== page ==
According to a new scientific study, motion sickness symptoms could be eased through stimulation of some parts of the brain via electricity.
Scientists from Imperial College London stated that, due to clinical trials on 20 subjects, the method could be similar to drug recreational use, except the drowsiness.
The feeble electrical impulses interfere with the internal structure of one’s ear, that which is aimed at controlling balance.
The discovery was reported in Neurology. However, other scientific circles have been skeptical to this solution. More thorough research ought to be made during further clinical trials. Electrical zap therapy does sound a bit unusual.
Previously, motion sickness was known to be caused by mixed messages deriving from one’s ears and eyes. Motion sickness usually occurs while traveling by boat, plane or car, culminating in headaches and nausea. Other symptoms include dizziness and cold sweats.
Dr. Qadeer Arshad, representative from the movement and balance group at Imperial, explained that motion sickness was correlated with their inner ear structure, and if their inner ear would be damaged, motion sickness would disappear.
The scientific team’s efforts were aimed at manipulating those impulses coming from the inner ear organs, via “transcranial direct current stimulation,” while people would experience nausea.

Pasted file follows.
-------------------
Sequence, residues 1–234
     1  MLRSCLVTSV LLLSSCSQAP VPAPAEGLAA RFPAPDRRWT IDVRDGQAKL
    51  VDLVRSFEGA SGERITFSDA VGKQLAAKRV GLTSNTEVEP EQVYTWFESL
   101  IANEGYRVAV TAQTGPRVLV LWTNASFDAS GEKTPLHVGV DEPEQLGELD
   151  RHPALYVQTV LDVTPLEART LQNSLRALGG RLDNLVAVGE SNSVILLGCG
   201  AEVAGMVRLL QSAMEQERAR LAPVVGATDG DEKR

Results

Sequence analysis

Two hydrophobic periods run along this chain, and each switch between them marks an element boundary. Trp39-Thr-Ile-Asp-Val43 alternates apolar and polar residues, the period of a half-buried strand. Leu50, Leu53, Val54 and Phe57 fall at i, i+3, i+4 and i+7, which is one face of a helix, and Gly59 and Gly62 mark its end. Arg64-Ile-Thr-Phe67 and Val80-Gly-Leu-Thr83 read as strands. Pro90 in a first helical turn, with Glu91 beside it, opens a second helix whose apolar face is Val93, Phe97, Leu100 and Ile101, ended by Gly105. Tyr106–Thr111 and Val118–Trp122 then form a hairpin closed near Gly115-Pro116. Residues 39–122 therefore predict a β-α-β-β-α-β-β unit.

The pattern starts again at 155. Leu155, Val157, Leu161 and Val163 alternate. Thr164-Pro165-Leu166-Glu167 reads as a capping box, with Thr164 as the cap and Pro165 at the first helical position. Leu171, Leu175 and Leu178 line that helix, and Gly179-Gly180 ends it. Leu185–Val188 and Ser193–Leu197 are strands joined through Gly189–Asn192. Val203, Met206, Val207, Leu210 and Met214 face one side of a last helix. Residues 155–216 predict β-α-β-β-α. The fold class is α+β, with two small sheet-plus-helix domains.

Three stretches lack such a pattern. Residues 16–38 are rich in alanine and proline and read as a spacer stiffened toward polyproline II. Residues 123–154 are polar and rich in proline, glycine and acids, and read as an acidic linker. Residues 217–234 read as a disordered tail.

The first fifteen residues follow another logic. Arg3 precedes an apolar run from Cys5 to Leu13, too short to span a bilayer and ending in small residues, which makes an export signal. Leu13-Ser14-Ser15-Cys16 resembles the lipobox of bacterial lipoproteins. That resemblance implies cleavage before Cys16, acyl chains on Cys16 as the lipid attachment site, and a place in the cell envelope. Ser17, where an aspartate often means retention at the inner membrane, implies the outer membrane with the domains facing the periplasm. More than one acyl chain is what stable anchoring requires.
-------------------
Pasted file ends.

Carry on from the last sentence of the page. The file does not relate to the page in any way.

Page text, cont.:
The 20 participants were asked to sit on a specific chair, which would spin them at a particular angle. The chair was dubbed the “chunder chair.”
The chair, going round and round, and tilting, made them nauseous, in approximately 5 minutes. Every volunteer had a go.
Half of the participants were administered with mild electrical currents in order to alter the messages sent by their brain. This happened one hour later. The other half was administered with a dummy treatment.
The results were concise and showed that small electrical currents that stimulated half of the volunteers would improve recovery times, as they delayed motion sickness by 207 seconds. In those who were given the dummy therapy, motion sickness was initiated 57 seconds sooner.
Dr. Arshad claimed there wouldn’t be side effects to the electrical currents treatment, and that it was similar to the effects of the drug known as scopolamine (but this one puts people to sleep, instead). The treatment might be used to cure the common seasickness, among others, such as
“students and people who spend long periods playing computer games,”
continued by saying Dr. Arshad.
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